The staff is very helpful and efficient. There is a list of contractors and the availability of casual labor to help with washing, etc. The restaurant is nice but more pricey then in savusavu.

More to follow after I have had some experience with the repair facility and chandeliers

Fair winds and following seas :)

Wednesday, September 14, 2016

What a change

We spent the day sailing inside the reef. We still had very variable winds but the reef kept the waves down to a maximum of 4 feet. Most of the time they were 2 feet or less.

We are sitting at anchor for the night. There is a gentle breeze and the waves are gently lapping against Reboot. Wow.

Fair winds and following seas :)

Tuesday, September 13, 2016

In Al's Arms

Of course yesterday XO was vocally complaining all day as we rocked and rolled. But today - paradise.

A quiet day

After several days of high winds and high seas we are sailing downwind in sunny weather and moderate winds we are finally having a nice sail.

The long way

After several days of hiding from the wind and waves yesterday we decided that the wing had moderated enough to transit to Nanu inlet. We left in winds in the low 20's and worked our way around the island. Waves were in the 4 foot range. We had set the third reef in the main and put out about 50% jib. This gave us the ability to point about 15 degrees higher. That would become important later as we had to tack our way around several reefs.

Once we cleared the immediate reefs we aimed at Nanu. It was only about 23 nm and we were making 5.5 to 6.5 knots. Although uncomfortable from the 28 to 30 knot winds in the cockpit (since we were heading upwind the apparent wind was the true wind speed plus 80% of the boat speed) and the frequent boarding waves making us all wet the miles went quickly.

From our sheeting angle it looked like we could sail direct. Except for the set from the waves. By the time we reached Nanu we were 4 nm off course. We had to tack to get back east. This put us back into the heavy wind, waves, and set. By the time we got into the inlet several more hours had passed. In the end we sailed 54 nm at an average speed of 5.2 knots to make 29 miles good. We made it into the inlet during sunset.

The next few days we will be sailing down wind to Lautoka. Al will be leaving us. We may pick up an additional crew.

Fair winds and following seas :)

Monday, September 12, 2016

12 Sept - Monday- 5 pm (local - UTC + 12)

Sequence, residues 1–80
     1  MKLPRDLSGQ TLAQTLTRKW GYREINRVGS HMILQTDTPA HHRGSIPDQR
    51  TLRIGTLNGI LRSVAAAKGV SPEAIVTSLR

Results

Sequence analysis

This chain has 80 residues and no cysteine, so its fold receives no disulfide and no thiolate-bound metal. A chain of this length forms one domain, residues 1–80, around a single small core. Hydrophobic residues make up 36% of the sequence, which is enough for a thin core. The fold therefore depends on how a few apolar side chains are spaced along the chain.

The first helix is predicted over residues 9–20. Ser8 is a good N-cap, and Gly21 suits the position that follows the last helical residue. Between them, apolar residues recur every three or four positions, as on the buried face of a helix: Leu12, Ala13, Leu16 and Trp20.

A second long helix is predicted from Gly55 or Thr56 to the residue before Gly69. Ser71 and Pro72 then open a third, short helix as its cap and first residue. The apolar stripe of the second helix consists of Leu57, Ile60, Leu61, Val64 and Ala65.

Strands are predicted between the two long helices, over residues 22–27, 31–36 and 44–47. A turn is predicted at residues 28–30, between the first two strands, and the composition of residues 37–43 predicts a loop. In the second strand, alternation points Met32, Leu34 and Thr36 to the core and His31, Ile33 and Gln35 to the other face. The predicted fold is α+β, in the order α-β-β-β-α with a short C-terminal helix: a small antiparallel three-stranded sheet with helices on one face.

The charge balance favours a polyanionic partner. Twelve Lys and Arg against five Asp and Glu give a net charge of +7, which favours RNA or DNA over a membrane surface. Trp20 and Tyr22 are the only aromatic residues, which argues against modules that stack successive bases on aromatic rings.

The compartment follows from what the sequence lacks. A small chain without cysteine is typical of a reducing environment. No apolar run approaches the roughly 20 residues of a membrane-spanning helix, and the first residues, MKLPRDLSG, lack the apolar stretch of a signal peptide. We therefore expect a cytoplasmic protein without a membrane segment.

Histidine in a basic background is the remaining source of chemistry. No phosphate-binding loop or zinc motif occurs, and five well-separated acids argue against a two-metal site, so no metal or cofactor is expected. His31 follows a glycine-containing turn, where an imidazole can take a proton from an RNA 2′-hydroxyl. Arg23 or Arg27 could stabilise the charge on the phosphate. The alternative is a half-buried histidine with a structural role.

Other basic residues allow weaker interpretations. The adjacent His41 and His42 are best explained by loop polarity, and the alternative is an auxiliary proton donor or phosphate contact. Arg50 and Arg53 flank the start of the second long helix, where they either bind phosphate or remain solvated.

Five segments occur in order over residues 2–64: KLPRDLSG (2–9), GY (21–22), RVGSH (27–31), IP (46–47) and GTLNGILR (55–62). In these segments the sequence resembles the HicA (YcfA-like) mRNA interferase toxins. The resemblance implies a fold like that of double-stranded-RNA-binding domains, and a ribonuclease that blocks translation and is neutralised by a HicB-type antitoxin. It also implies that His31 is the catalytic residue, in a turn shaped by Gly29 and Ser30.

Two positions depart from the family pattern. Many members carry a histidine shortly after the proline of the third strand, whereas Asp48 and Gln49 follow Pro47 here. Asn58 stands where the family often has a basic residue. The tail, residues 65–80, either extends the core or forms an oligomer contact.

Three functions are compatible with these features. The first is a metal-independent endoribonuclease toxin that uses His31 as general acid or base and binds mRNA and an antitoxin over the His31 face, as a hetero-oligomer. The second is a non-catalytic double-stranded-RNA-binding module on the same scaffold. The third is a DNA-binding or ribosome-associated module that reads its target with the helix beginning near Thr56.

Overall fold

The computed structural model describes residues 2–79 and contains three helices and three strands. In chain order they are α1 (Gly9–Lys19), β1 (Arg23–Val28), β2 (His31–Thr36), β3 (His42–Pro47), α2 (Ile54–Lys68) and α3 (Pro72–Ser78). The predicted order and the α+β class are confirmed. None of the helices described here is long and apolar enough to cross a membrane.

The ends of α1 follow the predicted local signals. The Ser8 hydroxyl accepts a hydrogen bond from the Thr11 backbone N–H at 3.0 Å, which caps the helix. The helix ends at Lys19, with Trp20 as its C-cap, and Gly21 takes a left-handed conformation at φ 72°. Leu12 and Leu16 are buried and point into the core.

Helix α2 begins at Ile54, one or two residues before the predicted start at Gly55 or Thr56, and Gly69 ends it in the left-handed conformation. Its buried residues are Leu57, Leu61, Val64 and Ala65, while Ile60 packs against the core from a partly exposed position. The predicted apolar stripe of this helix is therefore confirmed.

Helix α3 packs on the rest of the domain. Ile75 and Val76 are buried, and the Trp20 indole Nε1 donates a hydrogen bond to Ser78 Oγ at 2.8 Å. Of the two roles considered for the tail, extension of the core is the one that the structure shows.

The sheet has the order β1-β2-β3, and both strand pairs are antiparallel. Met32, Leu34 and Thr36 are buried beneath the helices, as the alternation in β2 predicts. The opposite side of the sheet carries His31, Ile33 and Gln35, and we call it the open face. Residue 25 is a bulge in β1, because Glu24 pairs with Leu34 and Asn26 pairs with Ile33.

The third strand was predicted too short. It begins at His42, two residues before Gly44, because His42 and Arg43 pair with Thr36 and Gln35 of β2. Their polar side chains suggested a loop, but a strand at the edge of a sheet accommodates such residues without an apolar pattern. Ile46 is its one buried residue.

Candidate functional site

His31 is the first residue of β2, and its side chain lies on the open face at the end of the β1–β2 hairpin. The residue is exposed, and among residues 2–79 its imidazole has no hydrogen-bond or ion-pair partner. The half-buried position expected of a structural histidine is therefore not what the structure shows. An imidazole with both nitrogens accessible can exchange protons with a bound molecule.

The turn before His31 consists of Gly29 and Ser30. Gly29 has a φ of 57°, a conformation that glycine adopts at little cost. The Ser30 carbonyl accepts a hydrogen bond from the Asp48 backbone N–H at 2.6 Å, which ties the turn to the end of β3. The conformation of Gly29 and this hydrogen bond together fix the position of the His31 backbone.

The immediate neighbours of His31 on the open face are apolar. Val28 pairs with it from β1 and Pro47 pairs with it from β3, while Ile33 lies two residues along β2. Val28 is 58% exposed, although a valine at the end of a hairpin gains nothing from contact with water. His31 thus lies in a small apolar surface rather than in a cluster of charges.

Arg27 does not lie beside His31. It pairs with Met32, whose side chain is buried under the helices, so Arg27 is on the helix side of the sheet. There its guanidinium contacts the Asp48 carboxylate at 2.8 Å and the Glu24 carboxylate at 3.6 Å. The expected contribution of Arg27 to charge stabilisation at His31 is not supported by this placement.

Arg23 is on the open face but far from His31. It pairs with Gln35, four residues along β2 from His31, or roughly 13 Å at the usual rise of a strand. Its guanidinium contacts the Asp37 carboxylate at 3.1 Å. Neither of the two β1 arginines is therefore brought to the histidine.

We are still hiding out behind Yavua, Fiji waiting for the weather to clear. This morning we got rain. This is usually the sign that the weather will change. Fat chance. Apparently we have another night and then we might get a window to depart.

Today the weather has been even weirder. The wind started to drop into the low teens. It has not been below 20 knots for three days. Then bam- a 33 knot gust followed by stained winds in the mid 20's. The seas are also strange. We are behind the island so we get some protection. They still vary from periods of 2 foot waves to periods of 4 to 5. Sometimes on the nose (aligned with the wind, we are at anchor.) Sometimes on the beam.

We had another rule 6 incident today. The marine mf/hf (ssb) radio stopped working a couple of days ago. Today it started working again for no apparent reason. We checked into the Pacific Seafarers Net so they know we are out here.

Settling in for another night of gusts and rocking. Fair winds and following sea :)

Saturday, September 10, 2016

10 Sept Sunset

We have been sitting at anchor waiting for the wind to die down. We are somewhat sheltered from the waves. This is a good thing as the wind has been peaking over 30 knots. That type of wind normally generates 10 ft or higher waves. Behind the island they are peaking at 4 feet. Not super uncomfortable but not great either. Since our next destination is upwind it would be a very ugly sail should we have set out this morning.

Matt and I are sitting in the cockpit watching the sunset. We are in the middle of a frontal passage so it is quite pretty. The wind keeps tricking us. Just as we think it is going to moderate we get blasted with a strong set of gusts.

We have had four visits from local Fijian fishermen today checking to make sure we are ok. It is a very nice feeling. The anchor has been holding and there really isn't anyplace to go. If we go into their small harbor we will be stuck and need to get towed back out. So this is not great but we are doing ok. Nice to know they are watching out for us.

Fair winds and following seas :)

Thursday, September 8, 2016